An important deadline looms for any coach who wants to achieve the coveted ICF MCC credential.
As the owner of a coach training program that meets the requirements for Master Certified Coach (MCC) level training (namely, the Certified Positive Psychology Coach® Program), I received an email today from the ICF, the world's best-known certifier of coaches, about an upcoming deadline for MCC applicants.
This is one of several changes in certification requirements that the ICF has made based on data collected from past applications, such as the requirement that all applicants complete comprehensive coach training that progresses from beginner to advanced skills, rather than piecing together a course here and a course there, because graduates of progressive training programs are more likely to succeed in achieving their ICF certifications.
The next deadline is for coaches who want to apply for the MCC without first achieving the mid-level PCC credential.
After February 28, 2019, Noon Eastern/New York Time, you must already have the ICF's Professional Certified Coach (PCC) before you can submit your application for the MCC. Again, this is based on the ICF's own data, which found that PCCs were much more likely to succeed at passing the MCC requirements than non-ICF certified coaches. I have been told by an ICF Mentor Coach (but have not personally verified) that up until now, only 7% of applicants for the MCC have passed. Evidently most of those who did not pass did not yet have the PCC.
Here's a story that illustrates why these changes matter so much:
The following is true, but I've obscured some details to hide the identity of the individual... I received a phone call recently from someone who had been employed for three decades as a coach at the headquarters of a large financial corporation when the building they worked in was destroyed in a major disaster. Rather than relocating all the employees whose offices no longer existed, the corporation chose to lay off all of them. Despite thirty years of experience and an advanced degree in psychology from an ivy league school, this individual found they were unemployable as a coach, because in thirty years, the landscape of professional coaching had changed and virtually all large organizations now require recognized certifications for their coaching hires.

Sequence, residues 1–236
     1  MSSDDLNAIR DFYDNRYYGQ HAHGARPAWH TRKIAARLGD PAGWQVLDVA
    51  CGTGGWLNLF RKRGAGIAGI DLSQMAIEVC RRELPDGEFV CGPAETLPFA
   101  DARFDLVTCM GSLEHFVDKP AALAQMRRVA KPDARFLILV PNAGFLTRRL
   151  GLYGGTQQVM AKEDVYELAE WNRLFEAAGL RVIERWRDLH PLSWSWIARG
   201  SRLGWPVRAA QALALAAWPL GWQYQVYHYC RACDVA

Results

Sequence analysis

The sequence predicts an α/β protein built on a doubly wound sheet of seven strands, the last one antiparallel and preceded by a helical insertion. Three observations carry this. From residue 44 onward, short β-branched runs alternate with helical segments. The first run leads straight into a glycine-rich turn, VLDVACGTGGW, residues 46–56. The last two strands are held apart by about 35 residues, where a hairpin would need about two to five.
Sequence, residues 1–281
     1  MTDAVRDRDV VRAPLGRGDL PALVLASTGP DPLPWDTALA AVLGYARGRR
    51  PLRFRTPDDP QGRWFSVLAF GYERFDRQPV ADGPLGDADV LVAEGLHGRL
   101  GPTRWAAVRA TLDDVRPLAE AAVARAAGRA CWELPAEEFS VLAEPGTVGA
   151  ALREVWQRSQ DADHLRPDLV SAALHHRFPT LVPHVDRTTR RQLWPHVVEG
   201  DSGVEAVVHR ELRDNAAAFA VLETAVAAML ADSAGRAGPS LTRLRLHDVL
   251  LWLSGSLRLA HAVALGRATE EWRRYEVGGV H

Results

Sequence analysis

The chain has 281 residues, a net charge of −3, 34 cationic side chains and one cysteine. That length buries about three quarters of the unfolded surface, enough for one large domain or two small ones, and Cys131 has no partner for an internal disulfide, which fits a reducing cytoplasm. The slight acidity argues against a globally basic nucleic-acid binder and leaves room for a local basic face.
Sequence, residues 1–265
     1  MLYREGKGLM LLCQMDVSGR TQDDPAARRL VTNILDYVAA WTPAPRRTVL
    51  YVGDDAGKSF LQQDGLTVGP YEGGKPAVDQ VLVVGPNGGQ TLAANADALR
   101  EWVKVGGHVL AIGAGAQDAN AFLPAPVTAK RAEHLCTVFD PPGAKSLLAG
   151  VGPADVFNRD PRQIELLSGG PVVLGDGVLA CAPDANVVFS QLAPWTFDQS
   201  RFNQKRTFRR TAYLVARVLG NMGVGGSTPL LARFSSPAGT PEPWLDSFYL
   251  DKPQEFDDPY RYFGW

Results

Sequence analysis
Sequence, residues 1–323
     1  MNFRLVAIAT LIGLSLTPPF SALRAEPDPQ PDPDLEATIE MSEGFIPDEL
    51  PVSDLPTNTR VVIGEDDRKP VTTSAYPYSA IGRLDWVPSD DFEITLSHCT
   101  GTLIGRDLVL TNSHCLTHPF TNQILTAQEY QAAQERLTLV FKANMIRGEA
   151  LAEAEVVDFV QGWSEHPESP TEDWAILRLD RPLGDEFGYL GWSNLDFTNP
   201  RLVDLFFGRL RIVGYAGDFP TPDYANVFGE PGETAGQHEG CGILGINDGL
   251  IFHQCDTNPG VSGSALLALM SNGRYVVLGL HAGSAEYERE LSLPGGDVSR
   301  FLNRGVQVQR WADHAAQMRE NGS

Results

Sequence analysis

This person was interested in taking the Certified Positive Psychology Coach® Program and qualifying for the MCC as quickly as possible and they were hoping to avoid beginner-level courses. I had to tell them they probably wouldn't have time to get the MCC without applying for their PCC, first, because they would also need to clock 2,500 hours of coaching AFTER they commenced training to qualify for the MCC. The ICF requires this because many people who coach without adequate training aren't really coaching. The individual said something telling at the end of our phone call: "Thanks for the great coaching."
I didn't coach them; I gave them advice.
Their confusion over the nature of our conversation helped confirm for me the wisdom of the ICF's requirements even though they might seem overly restrictive. Sometimes what people call coaching isn't really coaching and that's why the ICF won't certify them based on degrees and experience, alone. They also need coach-specific training.
In short, certification is more important in coaching than a degree and comprehensive coach training is a must for the best-known certifications.
The Certified Positive Psychology Coach® Program was the first comprehensive positive psychology coach training program to meet the training requirements for MCC-level credentialing. It also meets requirements of the entry-level ACC and mid-level PCC. Currently, the only other positive psychology coach trainings approved at the MCC-level are graduate-level university degrees, which take longer to pass and cost quite a bit more. Coaches who want advanced skills and successful careers choose our program because they're uninterested in graduate degrees, either because they already have them, or because they know their clients are uninterested in them.
Another trend in coaching is the turn toward evidence-based coaching, such as positive psychology coaching.
There are many other shorter positive psychology coach training programs, but based on our data, coaches who coach at least at the PCC level tend to be more successful, professionally. We also assist our students in building their careers.
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